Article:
How about this…If the coaching conversation is mandated by the principal, the teacher’s response might not be warm and fuzzy. After all, how many teachers are comfortable being forced to have a conversation about their teaching skills when they don’t know if the coach is evaluating them and reporting to the principal? The coach must build trust before asking questions. On the other hand, if the coach’s role has been shared and made explicit to the staff with the coach making his/her expectations visible and then the principal suggests that the teacher contact the instructional coach for support, that would most likely result in a positive response.

Remember, coaching is not a “fixit” model. Coaches are not there to “fix” what’s wrong with anyone’s instructional delivery. The coach is there as a trusted colleague, an experienced practitioner who helps teachers recognize their full potential and take ownership of their own learning. The coach helps guide; the teacher does the rest. 

How have you handled a response that was angry or negative? How did you turn that around into something positive?

Tuesday, March 13, 2018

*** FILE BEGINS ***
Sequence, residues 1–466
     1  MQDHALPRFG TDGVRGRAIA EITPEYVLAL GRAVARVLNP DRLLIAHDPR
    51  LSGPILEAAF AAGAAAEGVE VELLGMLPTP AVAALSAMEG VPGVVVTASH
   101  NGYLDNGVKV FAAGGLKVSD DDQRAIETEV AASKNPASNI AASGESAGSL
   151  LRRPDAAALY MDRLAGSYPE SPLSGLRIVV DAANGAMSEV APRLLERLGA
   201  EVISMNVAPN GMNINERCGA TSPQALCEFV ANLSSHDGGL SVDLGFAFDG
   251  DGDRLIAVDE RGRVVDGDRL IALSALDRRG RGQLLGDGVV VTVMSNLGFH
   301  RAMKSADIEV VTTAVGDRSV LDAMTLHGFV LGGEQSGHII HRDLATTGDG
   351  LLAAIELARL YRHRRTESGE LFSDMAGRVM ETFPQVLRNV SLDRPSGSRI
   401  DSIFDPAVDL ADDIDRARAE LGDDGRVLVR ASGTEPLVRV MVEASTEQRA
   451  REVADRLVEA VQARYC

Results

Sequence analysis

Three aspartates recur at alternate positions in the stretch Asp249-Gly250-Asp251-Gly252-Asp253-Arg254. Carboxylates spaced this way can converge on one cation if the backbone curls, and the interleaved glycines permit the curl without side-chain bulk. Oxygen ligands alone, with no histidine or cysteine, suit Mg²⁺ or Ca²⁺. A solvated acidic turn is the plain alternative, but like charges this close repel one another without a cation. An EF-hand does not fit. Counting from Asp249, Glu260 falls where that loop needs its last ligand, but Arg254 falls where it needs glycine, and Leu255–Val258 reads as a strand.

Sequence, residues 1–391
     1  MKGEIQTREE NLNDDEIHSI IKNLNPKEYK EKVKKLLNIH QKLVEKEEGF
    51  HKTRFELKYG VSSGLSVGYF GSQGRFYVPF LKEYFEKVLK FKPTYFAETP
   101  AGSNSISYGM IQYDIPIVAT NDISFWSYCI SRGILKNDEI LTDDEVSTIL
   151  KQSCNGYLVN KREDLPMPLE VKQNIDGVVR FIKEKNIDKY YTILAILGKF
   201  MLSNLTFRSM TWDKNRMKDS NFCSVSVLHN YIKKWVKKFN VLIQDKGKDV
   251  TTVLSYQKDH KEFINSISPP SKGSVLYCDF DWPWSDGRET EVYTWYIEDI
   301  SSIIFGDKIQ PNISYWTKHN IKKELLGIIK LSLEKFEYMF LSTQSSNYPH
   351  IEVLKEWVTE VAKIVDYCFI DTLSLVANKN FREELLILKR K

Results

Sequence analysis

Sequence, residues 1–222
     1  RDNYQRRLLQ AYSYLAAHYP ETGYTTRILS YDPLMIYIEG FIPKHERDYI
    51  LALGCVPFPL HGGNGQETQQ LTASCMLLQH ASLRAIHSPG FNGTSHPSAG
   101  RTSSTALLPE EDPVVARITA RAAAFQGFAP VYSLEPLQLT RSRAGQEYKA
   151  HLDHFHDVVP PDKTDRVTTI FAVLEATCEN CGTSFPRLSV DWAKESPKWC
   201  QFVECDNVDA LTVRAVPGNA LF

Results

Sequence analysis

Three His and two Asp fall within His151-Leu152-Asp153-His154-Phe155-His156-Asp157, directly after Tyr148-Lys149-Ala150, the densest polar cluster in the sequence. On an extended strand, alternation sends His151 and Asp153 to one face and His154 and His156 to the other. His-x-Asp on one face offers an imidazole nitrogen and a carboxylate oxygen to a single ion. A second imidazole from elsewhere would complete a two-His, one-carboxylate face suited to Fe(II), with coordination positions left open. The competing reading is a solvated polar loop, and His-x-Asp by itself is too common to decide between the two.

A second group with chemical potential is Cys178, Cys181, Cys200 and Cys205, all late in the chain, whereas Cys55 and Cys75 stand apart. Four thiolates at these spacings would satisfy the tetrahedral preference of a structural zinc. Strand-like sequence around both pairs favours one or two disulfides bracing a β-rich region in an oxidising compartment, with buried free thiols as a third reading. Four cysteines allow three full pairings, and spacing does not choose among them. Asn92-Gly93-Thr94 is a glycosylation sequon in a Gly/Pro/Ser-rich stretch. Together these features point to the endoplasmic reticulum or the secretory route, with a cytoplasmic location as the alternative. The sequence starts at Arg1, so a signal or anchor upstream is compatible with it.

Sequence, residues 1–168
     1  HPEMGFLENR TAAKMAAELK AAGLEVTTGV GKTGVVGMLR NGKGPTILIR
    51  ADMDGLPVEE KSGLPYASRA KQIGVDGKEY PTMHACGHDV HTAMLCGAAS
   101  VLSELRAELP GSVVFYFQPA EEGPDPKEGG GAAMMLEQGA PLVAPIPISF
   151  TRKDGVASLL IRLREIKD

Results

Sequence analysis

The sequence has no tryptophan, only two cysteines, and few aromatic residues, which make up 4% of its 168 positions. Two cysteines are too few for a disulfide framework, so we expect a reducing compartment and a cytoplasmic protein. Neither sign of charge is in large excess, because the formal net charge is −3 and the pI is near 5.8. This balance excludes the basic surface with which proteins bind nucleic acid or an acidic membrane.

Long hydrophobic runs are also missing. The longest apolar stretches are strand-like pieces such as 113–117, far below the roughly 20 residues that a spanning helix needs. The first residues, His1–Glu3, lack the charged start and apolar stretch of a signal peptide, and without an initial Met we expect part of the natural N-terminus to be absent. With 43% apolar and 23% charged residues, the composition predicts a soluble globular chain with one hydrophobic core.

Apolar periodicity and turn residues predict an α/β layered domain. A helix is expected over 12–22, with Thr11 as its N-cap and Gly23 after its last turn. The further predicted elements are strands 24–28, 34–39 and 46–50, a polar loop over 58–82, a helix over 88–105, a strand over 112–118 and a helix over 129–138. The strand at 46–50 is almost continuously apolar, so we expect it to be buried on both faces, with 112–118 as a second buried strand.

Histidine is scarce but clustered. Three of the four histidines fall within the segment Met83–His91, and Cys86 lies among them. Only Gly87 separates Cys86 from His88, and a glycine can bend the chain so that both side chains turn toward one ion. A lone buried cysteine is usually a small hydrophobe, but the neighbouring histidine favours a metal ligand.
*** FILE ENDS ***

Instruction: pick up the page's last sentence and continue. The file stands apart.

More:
In the December 2017 issue of The Learning Professional, Executive Director Stephanie Hirsh reiterates what we know about collaboration and adult learning; that is, learning is social and learning together makes a difference. Unfortunately, just getting together without clear goals and actionable items, does not make a collaborative approach particularly useful or effective.

Stephanie suggests five important fundamentals to integrate when developing the standards for collaborative work: 1) Clarity of purpose where teachers can share intentional goals for the learning and make deliberate plans to work together towards achieving these goals. A shared vision creates a community. These goals are meaningful and not amorphous. They lead towards action; 2) Norms of collaboration where colleagues respect one another and collectively decide what is important and how the goals will be achieved; 3) Resource allocation is critical and where administration plays an important role. Teacher teams need to be given ample opportunities to work together in an environment that welcomes creativity and collective problem solving. The teachers’ voices need to be heard and honored in a non-evaluative setting; creative problem-solving where a variety of perspectives are shared helps encourage “thinking out of the box”; 4) Facilitation and support are essential in keeping the flow of the meeting moving in a positive direction; the place for venting is different than a place for making recommendations for school wide improvement. Facilitation is a skill and it is different from presenting a professional development session; 5) Accountability for results is important when collective responsibility is the norm and all staff are considered members in a community of learning and practice… one for all and all for one!

As a coach, which of these fundamentals are you able to encourage in your school wide collaborative planning?